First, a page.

There is a new rug hooking vendor at the Hamilton Market. You can luck at her rugs on www.adriannasthoughtsinwool.blogspot.com. I adore primitive rug hooking and have been lusting after her rugs. Pamme Swan, daughter of the hooker, and I have been talking now and then. She's been wanting a Bundaflicka Bag but said now is not the time. I thought, why not approach her about a barter? I'm always shy about bartering. What if they don't want what I have to offer? I sent her an email asking if her mom would consider a barter for the gorgeous Country Girl rug I've been admiring. "Bundaflicka" means country girl in Swedish - how perfect. She contacted mom, who is on a rug hooking tour of New England, and it looks like our barter is on! When mom gets back they will go shopping in my booth and I will get my rug! I'm SOO thrilled, as I could never pay money for something I think I could make myself...but it would take me YEARS to make a rug like this.
Mia brought the precious cargo safely to the farm last night where hugs and kisses and more hugs and kisses were exchanged. A fierce summer storm had hampered their progress from Buffalo and followed them all the way to the farm. We had scarcely brought the luggage inside when the sky turned black. I realized we had better get the flock in, as Mia had warned of thunder and lightning on the way. We stashed Hannah and Luke in the apt. and ran up the hill with the Finn and Knut who I had let off their lines. I hate for them to be tied under a big tree during a lightning storm - and they hate it too. It was every dog for himself. The sheep split when they saw us coming with one group taking off for the top of the hill and the other running down the gully past the apple orchard and the back field. Captain Mia (field hockey champ) ran up the hill and I took the lower group. Hard rain came in sheets. Got my group back up the gully with Knut staying close to my side, and around the pen and into the barnyard. The sheep take me much more seriously when I have the White Boys with me. Chris the llama and my aged Baby Thunder ran for the big barn doors, which are held shut all winter by a long thick wooden brace on the inside. Luke and Hannah came running out to watch the excitement and I shooed us all back inside. But where was Mia??? Here she comes, running down the hill soaking wet, surrounded by dogs with panicked sheep in front of her. You don't want to be in the middle of a wide open field with giant white streaks of lightning slicing across the sky. Whole flocks have been electrocuted by standing in the open, or even hiding under a tree in a field. I called to her to come help us get the big doors open. We climbed up into the hay mow and together lifted the brace from the brackets. It took some doing but we pulled the doors open to expose the view of the hill. Baby Thunder and Chris came inside and joined us to watch the show. We sat on the pile of hay bales and took it all in, the driving rain, the black sky with streaks of lighting and a thunderous accompaniment. So dramatic, and so lovely to be soaking wet and safe inside the big old barn. Mia and I squeezed the little ones on our laps and watched Baby Thunder munch on the hay. Knut was still sticking close but Finn had run off somewhere. Chris stood in the doorway, wondering if he should go back out, then decided not to. Smart llama! Some silly goats preferred to stand in the rain rather than join us inside, but with the lightning coming down I was not about to run out pull them inside. I offered them safe refuge and it was up to them to take it. We said hello to the hen who is nesting deep in the pile of bales. Hannah and Luke are fascinated with all the chickens nesting on eggs around the barn. Some are in the chicken room and some are very creative about finding places around the barn. I even have a hen nesting on top of the rabbit cage! I can see the eggs underneath her through the rabbit wire! We watched the storm journey past our little valley in Brookfield, then went inside to make Hannah's favorite meal, spaghetti and meatballs! Every once in a while I felt little arms around my waist giving me a squeeze - what heaven!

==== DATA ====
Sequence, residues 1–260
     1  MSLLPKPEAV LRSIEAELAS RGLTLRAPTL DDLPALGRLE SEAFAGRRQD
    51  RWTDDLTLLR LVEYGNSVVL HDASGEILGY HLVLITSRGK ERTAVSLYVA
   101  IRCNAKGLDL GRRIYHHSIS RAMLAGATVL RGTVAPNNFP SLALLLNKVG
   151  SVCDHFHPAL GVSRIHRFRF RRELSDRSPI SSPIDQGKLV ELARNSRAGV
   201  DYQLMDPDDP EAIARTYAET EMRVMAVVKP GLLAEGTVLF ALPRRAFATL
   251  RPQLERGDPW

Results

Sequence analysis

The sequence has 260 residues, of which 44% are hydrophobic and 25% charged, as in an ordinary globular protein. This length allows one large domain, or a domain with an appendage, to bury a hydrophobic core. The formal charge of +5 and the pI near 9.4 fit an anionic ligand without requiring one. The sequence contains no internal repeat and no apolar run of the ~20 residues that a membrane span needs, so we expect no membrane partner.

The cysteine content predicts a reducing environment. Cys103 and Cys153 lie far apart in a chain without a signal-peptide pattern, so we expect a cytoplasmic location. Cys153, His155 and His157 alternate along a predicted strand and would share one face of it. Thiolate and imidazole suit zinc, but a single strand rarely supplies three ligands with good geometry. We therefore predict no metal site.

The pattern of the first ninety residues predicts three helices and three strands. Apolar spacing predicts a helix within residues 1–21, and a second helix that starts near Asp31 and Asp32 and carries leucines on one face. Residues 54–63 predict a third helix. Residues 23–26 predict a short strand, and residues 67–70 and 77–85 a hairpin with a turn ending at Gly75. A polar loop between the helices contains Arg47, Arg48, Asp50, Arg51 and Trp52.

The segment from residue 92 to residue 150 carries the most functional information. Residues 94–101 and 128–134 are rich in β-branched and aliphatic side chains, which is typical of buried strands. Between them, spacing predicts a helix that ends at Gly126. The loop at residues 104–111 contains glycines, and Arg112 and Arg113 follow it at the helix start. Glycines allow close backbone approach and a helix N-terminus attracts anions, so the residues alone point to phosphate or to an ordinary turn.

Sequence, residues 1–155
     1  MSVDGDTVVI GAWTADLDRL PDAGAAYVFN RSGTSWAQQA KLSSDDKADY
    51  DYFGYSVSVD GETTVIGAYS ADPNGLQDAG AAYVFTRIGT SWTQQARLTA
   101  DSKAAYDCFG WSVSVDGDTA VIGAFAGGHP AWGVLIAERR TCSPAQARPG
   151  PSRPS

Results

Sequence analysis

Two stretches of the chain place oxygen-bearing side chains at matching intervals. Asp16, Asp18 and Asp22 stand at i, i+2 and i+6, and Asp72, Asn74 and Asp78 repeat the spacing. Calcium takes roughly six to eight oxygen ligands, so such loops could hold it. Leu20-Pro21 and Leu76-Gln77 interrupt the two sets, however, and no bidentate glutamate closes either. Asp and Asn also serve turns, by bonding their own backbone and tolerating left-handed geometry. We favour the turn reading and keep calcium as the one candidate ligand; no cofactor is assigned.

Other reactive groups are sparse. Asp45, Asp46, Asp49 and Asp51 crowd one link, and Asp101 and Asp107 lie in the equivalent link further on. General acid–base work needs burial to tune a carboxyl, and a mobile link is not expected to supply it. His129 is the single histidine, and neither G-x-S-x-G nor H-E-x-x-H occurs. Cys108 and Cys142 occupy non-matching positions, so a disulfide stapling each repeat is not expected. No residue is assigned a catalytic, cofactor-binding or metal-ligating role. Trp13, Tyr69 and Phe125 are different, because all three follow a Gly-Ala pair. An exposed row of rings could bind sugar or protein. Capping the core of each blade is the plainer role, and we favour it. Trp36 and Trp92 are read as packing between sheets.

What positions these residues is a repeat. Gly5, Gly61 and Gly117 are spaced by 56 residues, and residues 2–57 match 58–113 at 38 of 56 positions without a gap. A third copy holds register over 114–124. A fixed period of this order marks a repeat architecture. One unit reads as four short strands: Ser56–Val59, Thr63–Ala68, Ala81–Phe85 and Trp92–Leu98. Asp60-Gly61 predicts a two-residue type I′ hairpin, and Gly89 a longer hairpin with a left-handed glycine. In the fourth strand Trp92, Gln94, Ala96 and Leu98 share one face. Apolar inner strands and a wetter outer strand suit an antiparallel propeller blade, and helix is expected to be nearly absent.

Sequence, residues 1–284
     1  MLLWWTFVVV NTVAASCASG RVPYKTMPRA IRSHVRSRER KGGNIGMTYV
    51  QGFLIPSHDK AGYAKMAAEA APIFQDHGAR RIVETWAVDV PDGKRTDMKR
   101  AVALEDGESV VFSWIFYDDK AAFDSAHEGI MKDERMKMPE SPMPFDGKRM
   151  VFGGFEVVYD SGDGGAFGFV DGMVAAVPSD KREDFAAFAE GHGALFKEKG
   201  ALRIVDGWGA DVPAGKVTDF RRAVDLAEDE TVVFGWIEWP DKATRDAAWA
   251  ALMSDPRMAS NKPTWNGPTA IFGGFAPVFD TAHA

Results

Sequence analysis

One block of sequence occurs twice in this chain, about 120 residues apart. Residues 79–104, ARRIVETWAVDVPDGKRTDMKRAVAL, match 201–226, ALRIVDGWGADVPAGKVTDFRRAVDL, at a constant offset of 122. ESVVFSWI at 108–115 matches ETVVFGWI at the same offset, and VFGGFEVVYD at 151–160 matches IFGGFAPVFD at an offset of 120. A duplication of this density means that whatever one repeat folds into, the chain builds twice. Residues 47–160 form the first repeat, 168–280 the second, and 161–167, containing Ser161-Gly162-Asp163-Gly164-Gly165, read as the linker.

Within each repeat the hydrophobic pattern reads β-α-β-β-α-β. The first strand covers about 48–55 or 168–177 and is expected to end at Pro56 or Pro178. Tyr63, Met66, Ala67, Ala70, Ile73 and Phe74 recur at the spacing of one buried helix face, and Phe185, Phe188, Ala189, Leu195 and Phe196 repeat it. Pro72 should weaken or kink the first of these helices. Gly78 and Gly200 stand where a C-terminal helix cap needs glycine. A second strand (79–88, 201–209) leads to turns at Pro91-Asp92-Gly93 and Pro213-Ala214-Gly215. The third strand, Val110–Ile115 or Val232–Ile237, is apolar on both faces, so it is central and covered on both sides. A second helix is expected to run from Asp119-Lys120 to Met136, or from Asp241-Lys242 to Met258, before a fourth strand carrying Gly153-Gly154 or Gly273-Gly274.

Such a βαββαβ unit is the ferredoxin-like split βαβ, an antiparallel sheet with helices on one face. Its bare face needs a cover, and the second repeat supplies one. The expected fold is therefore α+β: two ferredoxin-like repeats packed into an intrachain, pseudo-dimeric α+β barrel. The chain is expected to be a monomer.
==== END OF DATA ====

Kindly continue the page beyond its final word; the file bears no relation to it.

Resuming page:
Thursday, June 25, 2009